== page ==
–Originally posted at our old blog, on 10 November 2011–
On Tuesday night, I attended a pre-election event organised by the Wellington Young Feminists Collective. It was a great event, well attended, with lots of good questions asked. On the panel were: Paul Foster-Bell (National Party candidate for Wellington Central), Jordan Carter (Labour Party list candidate), Ben Craven (NZ First candidate for Wellington Central), Holly Walker (Green Party candidate for Hutt South), Jan Logie (Green Party candidate for Mana), and Stephen Whittington (Act Party candidate for Wellington Central).
When an audience member asked the candidates for their views on abortion law reform, all claimed to be pro-choice. Stephen Whittington had mentioned during his introductory speech that he disagrees with abortion being in the Crimes Act. Paul Foster-Bell told us that abortion law reform would be a conscience issue for National MPs, and then managed to avoid saying what he personally thought by talking about how he is absolutely for the right of women to access safe, legal, hygienic… medical treatment. Jordan Carter said that he would vote for decriminalisation. Ben Craven claimed to be pro-choice, but expressed concern about women terminating pregnancies after discovering cosmetic defects through pre-natal screening. Holly Walker said that the Green’s policy is “silent” on the issue of abortion law, which makes it an issue that she and other Green MPS can only talk about from their individual point of view. She said she personally believed our abortion laws are outdated and long in need of a review, and that abortion shouldn’t be in the Crimes Act. Jan Logie said that abortion rights were a matter of bodily integrity.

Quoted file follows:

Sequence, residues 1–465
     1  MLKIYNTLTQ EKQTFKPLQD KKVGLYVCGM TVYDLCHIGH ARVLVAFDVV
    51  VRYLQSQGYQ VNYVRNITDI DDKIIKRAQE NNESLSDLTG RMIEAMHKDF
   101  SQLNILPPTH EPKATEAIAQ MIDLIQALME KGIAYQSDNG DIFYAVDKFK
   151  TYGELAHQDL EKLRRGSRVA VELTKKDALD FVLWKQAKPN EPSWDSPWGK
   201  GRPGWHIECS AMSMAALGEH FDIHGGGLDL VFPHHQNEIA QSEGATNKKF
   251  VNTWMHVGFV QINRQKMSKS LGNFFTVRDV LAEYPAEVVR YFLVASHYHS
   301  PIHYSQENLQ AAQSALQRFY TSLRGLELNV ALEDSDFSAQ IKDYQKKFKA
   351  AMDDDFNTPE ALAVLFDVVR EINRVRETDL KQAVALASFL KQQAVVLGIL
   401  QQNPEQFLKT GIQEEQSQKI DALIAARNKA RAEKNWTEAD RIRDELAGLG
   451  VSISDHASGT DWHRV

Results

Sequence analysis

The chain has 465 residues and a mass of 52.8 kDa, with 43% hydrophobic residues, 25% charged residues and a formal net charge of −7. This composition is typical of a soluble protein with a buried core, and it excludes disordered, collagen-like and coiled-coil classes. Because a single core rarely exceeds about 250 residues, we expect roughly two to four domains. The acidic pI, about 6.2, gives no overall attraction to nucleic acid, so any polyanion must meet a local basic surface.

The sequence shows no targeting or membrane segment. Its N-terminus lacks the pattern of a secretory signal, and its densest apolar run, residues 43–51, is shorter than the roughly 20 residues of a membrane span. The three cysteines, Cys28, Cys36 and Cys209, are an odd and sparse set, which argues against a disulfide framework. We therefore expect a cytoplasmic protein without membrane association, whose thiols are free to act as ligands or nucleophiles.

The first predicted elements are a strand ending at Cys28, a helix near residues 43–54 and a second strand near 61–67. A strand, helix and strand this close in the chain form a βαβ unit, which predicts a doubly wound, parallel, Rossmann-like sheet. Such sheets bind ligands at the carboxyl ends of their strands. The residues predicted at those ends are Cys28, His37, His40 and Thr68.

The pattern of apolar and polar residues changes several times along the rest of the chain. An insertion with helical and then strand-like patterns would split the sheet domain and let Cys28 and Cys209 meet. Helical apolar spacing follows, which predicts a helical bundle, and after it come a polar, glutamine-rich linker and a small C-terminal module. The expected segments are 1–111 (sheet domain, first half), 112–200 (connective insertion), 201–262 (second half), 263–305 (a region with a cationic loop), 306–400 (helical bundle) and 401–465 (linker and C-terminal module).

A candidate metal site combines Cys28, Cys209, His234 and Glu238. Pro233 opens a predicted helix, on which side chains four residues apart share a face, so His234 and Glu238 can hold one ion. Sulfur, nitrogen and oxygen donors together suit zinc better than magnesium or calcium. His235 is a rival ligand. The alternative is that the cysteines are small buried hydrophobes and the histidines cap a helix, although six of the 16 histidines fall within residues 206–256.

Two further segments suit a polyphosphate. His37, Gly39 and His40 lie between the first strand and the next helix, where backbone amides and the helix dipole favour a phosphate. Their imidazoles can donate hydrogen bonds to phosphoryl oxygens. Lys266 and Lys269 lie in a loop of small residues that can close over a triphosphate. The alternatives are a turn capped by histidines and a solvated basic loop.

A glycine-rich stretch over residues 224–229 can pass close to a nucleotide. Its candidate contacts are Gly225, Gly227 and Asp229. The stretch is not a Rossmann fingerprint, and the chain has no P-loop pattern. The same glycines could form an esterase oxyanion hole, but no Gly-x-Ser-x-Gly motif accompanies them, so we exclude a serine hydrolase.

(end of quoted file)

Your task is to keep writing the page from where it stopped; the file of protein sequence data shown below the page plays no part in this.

When another audience member asked a follow-up question, requesting a yes/no response as to whether the candidates thought their parties would push for a review of abortion laws were they to be part of the next government, both Green candidates said that it was possible the Greens would. The rest of the panel did not respond to this question (unless I missed this from where I was sitting).
While it is important to remember that this is not an official party position, I find it heartening that both of these Green candidates, whose positions on their party’s list give them a good chance of becoming MPs after this election (particularly Jan, who is at number nine) are openly pro-choice and seem committed to encouraging their party to move on this issue.